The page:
Deutsche Bank cuts another 1,000 jobs in Germany as part of global cuts

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The Independent Online

Embattled German lender Deutsche Bank has announced plans to cut 1,000 jobs in Germany, as part of a restructuring plan. This brings the total of jobs being cut in the country to around 4,000.

The jobs are part of the 9,000 role reductions worldwide, which were previously announced as part of the bank strategy to make the group “more competitive”.

"We consistently implement our strategy to make the bank more efficient," said Karl von Rohr, member of Deutsche Bank's management board, in a press release on Thursday.

"We are fully aware that today's decision is a difficult change with significant personal impact for many employees. We will ensure that any staff reductions are carried out in a socially responsible manner," he added.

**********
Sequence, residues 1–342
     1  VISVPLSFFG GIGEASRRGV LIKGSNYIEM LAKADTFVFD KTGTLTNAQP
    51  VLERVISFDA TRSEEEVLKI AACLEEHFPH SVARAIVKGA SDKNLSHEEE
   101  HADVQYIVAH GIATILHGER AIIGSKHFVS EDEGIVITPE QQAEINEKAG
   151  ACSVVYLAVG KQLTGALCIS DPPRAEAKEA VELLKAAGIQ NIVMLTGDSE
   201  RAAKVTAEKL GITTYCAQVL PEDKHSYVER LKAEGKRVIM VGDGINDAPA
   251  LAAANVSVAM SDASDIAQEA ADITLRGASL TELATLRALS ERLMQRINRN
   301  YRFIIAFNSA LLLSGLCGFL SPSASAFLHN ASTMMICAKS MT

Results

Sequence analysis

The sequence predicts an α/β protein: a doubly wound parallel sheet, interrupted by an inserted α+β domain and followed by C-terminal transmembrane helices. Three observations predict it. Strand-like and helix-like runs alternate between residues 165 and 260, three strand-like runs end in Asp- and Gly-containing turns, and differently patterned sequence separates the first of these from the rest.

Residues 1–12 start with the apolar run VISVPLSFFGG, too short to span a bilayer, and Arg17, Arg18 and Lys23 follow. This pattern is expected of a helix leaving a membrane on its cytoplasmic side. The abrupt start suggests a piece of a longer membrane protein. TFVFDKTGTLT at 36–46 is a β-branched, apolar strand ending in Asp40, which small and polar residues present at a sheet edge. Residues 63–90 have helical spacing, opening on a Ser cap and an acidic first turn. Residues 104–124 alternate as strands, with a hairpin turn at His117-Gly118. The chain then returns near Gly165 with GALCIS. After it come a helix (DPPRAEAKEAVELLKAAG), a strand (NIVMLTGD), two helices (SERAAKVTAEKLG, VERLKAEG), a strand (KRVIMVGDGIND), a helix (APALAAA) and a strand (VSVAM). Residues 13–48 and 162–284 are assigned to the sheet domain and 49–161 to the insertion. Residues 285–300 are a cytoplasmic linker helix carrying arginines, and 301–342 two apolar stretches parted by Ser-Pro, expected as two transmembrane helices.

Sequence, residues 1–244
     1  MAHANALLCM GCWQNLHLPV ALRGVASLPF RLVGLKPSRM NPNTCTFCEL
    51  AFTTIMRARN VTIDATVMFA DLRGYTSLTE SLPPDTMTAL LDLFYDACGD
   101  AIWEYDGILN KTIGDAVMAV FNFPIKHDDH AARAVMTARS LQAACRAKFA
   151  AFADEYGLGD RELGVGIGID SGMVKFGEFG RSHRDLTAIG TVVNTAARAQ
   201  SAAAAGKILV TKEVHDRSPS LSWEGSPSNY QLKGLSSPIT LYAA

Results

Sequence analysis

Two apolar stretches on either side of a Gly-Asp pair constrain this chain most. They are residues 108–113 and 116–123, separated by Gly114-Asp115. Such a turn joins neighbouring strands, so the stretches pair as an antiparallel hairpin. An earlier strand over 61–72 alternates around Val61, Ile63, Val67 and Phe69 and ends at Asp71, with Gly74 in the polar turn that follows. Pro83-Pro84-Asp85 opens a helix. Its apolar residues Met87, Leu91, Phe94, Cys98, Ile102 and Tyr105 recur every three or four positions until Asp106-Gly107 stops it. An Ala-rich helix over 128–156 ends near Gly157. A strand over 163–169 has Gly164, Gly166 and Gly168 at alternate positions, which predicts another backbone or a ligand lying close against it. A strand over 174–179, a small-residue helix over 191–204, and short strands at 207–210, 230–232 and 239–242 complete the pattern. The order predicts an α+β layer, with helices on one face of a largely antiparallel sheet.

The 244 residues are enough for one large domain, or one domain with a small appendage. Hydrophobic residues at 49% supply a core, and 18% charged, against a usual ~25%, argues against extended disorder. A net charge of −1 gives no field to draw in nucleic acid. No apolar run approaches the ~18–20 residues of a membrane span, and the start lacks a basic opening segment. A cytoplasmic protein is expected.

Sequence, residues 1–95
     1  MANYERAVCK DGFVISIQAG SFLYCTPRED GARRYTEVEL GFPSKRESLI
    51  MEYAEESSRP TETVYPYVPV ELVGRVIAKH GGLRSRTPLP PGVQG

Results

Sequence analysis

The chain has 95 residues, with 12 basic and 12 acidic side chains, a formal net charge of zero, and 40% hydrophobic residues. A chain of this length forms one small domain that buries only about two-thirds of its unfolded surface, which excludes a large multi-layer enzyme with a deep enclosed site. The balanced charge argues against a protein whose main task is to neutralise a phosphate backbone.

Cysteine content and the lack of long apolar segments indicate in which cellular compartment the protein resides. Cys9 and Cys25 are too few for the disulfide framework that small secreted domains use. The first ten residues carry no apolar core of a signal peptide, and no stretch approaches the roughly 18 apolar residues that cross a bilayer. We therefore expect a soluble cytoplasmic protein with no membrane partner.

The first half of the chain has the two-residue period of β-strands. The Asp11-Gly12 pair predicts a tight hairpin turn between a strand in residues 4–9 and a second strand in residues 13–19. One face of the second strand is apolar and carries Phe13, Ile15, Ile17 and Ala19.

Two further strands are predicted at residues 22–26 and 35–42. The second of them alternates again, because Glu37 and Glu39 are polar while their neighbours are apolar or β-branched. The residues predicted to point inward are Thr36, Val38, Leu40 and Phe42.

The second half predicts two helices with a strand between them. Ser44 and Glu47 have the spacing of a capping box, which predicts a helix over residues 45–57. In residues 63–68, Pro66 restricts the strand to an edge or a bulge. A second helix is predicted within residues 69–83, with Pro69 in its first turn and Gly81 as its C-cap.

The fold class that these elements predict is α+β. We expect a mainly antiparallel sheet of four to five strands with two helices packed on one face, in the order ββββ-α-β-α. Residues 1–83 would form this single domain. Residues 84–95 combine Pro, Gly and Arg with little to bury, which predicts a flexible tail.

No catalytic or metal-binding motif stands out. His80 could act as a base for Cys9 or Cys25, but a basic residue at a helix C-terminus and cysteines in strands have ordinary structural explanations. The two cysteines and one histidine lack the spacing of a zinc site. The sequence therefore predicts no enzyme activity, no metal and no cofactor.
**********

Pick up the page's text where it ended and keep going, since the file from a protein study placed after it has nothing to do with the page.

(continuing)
The most recent round of job cuts will mostly affect employees in the bank’s chief operating office, with the rest spread over several departments such as human resources, communications and corporate finance.

Deutsche Bank has struggled to reverse a slide in shares after US authorities announced in September that they wanted the firm to pay a $14bn (£10.6bn) fine to settle civil claims regarding its handling of mortgage-backed securities in 2008.

The German bank is among many financial institutions being investigated over dealings in discreditable mortgages in the run-up to the financial crisis. The US government has accused banks of misleading investors about the quality of their loans.

John Cryan, chief executive of Deutsche Bank, said the company has sought to reassure staff that the bank’s finances are strong despite waning confidence in the market that sent the lender’s shares to record lows on September 30.

The German government has denied that it is planning a rescue for the nation's biggest bank. While leaders of some of Germany’s largest firms such as Siemens and Daimler, backed the bank, saying it has their "full confidence".

According to Reuters, Berlin is pursuing discreet talks with US authorities to help Deutsche Bank secure a swift settlement and put the bank back on a firmer footing.

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